Mastering the Art of Scrum: The Top Skills Every Scrum Master Needs to Succeed
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How did the role of scrum master come into existence?
The role of Scrum Master came into existence in the late 80s with Scrum. It started becoming more official after 1995 when Scrum was officially introduced in the paper “The Scrum Development Process".
However, it was around 2010 that it started gaining larger significance in the form of recognition, demand, and wider industry application with the rise of Agile and Scrum in particular.
Who is a Scrum Master
The short and simple answer is “Scrum Master is one of the 3 roles as defined as part of the Scrum framework.”
As the name indicates, a Scrum Master is the master of Scrum. Scrum Master, is expected to not just understand Scrum well but also help the team, stakeholders and organization understand and implement Scrum in the correct way so as to maximize the benefits provided by the Scrum framework. The Scrum master is responsible for ensuring the team adheres to Scrum principles and practices, and for removing any obstacles that may impede the team’s progress.
Who is not a Scrum Master?
It is equally important to understand who is not a Scrum Master. We, humans, have a way of learning. Whenever we come across anything new that we are not aware of, we try to map it with what we already know. We learn by cognitive mapping and relationship establishment. This helps us be more comfortable about the newness, by still being able to look at and associate it with the aspects that we already know about. This tendency is an anti-pattern for teams, organizations, and Scrum Masters themselves. So, to be clear, a Scrum Master is not:
- A project manager
- A team leader
- A program manager
- A technology expert
- A report creator
- A domain or product expert
- An administrator
- A user story writer
If a Scrum Master is not any of the above, then what do Scrum Masters really do?
What is the role or stance of a scrum master?
Scrum.org very clearly and accurately gives 8 stances of Scrum Master in its whitepaper. It summarizes these stances below:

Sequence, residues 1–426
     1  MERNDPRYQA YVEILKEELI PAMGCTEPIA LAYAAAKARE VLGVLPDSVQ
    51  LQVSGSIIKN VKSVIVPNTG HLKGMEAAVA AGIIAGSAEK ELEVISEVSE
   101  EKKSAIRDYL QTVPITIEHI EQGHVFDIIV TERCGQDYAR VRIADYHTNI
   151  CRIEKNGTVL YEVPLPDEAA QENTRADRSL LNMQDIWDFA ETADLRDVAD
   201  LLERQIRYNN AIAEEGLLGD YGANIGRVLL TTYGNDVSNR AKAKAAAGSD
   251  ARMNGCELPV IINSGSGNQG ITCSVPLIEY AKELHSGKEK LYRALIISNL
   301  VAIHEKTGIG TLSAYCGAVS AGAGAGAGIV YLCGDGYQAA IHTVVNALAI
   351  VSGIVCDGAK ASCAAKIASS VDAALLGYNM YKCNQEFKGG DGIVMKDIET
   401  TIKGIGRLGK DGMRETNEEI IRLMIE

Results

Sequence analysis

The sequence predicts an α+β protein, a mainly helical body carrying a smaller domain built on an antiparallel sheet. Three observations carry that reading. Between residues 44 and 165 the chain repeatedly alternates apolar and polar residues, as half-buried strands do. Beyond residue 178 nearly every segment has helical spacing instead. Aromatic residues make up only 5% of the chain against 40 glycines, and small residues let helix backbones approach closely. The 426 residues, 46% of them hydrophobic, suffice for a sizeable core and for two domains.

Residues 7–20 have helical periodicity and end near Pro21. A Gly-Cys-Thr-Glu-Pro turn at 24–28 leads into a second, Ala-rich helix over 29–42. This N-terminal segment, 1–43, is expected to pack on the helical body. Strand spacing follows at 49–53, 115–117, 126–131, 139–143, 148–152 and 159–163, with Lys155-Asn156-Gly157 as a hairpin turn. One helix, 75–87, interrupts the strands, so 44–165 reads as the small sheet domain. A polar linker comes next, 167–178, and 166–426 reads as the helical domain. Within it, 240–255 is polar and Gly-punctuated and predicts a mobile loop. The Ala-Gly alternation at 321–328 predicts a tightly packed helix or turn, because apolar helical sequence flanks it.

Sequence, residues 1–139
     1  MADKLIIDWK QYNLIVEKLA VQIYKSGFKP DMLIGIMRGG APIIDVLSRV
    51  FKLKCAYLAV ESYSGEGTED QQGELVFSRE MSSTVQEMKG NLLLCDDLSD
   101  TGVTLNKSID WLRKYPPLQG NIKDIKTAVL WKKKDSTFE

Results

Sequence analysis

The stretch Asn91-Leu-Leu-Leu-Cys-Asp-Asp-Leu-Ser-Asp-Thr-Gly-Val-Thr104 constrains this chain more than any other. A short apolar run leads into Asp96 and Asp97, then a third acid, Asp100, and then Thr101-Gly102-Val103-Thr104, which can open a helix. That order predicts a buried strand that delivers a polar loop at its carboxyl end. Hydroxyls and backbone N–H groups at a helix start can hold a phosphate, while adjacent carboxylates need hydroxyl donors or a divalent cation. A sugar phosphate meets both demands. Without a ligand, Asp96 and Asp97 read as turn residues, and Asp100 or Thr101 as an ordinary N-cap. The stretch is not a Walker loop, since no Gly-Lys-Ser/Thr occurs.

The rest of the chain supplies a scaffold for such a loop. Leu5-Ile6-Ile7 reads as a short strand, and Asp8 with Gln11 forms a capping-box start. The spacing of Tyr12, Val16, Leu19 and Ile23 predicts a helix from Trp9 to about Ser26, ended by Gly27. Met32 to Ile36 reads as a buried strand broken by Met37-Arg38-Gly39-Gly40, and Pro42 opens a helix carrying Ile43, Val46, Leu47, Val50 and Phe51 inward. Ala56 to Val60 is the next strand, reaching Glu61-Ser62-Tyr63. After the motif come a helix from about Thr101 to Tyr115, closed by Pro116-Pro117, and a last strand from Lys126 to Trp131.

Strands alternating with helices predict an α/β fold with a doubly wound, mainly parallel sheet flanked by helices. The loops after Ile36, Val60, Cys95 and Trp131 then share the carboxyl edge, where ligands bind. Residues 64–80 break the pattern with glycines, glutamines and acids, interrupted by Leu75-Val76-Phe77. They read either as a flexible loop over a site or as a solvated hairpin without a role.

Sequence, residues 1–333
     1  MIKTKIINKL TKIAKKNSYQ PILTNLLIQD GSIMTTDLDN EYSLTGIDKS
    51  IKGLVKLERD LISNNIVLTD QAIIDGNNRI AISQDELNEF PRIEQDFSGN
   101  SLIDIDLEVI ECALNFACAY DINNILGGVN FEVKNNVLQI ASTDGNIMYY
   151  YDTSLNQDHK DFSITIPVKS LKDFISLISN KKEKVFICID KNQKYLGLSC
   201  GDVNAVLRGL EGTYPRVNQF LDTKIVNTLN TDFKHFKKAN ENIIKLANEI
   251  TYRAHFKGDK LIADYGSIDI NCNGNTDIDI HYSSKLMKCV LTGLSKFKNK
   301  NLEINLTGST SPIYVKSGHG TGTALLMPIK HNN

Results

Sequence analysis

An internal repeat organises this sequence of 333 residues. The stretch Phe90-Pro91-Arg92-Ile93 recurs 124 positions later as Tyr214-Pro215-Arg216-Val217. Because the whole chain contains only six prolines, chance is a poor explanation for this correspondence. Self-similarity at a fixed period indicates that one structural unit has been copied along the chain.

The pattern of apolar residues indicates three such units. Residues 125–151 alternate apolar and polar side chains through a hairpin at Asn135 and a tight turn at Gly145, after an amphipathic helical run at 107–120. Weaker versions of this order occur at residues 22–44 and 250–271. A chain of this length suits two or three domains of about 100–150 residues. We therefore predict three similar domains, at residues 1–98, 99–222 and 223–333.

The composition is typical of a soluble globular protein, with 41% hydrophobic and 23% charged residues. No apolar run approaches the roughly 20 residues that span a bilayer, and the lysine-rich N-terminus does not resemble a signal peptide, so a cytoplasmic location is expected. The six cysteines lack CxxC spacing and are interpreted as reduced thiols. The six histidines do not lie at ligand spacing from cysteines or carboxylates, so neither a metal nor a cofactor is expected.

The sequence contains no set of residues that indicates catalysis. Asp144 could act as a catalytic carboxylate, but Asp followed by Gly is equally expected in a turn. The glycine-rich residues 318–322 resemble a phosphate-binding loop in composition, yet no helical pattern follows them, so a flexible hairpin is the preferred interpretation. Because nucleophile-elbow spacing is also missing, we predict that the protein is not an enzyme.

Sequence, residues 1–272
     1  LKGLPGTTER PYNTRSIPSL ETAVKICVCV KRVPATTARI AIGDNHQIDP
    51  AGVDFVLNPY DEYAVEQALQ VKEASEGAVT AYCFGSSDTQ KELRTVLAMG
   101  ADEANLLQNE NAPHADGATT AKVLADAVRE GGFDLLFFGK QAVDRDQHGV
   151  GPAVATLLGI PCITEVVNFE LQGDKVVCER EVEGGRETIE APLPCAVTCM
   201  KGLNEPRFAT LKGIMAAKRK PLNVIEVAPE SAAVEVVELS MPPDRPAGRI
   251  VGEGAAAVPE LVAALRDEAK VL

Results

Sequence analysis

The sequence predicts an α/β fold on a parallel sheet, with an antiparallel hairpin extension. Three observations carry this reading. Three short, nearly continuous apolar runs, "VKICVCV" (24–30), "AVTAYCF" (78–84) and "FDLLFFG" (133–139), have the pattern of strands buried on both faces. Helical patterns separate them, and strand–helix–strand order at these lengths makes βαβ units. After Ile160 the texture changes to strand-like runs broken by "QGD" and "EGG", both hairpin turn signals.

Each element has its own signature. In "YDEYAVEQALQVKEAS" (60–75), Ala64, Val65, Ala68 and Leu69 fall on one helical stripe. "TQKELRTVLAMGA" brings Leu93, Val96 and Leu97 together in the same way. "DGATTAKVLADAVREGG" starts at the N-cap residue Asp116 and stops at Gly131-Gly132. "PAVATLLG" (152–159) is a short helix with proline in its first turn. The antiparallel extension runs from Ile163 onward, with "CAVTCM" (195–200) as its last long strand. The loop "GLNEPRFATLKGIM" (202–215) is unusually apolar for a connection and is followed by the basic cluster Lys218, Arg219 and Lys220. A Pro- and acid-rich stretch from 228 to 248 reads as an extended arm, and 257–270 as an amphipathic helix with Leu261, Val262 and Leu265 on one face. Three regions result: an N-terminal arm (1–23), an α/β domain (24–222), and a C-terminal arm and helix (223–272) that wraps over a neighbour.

- A Servant Leader whose focus is on the needs of the team members and the people they provide value to (the customer) with the goal of achieving results in line with the organization’s values, principles, and business objectives.
- A Facilitator by setting the stage and providing clear boundaries in which the team can collaborate.
- A Coach coaches the individual with a focus on mindset and behavior, the team in continuous improvement, and the organization in truly collaborating with the Scrum team.
- A Manager responsible for managing impediments, eliminate waste, managing the process, managing the team’s health, managing the boundaries of self-organization, and managing the culture.
- A Mentor that transfers Agile knowledge and experience to the team.
- A Teacher to ensure Scrum and other relevant methods are understood and enacted.
- An Impediment Remover solves blocking issues to the team’s progress, taking into account the self-organizing capabilities of the Development Team.
- A Change Agent to enable a culture in which Scrum Teams can flourish.
Read this whitepaper for a thorough explanation of these stances.
What are the challenges for a scrum master?
Considering the number and diversity of the above-explained Scrum Master role stances, do I need to tell you that it’s not easy to be a true and effective Scrum Master? Well, there are organizations and leaders that have a limited understanding of the role, and in those instances, a Scrum Master could be playing a more mechanical Scrum Master role only or just a very restricted stance of the role. These situations restrain the individual to realize the full potential of the role and deliver the intended benefits of Scrum for the team, product, and organization.
However, there are other kinds of organizations and leaders who understand the gravity and the scope of the role and provide the supporting environment for the Scrum Master role to flourish to the fullest. In such places, there are frequent instances when a Scrum Master has to be in multiple of these stances all at the same time in order to do his duties. This presents another kind of challenging experience with tremendous growth and learning potential to Scrum Masters in the form of:
- Expectation management
- Collaboration avenues
- Facilitation, training, and coaching opportunities
- Help to maintain focus
- Building an open, positive, and productive working environment
- Driving a cultural shift towards self-inspect and proactive adapt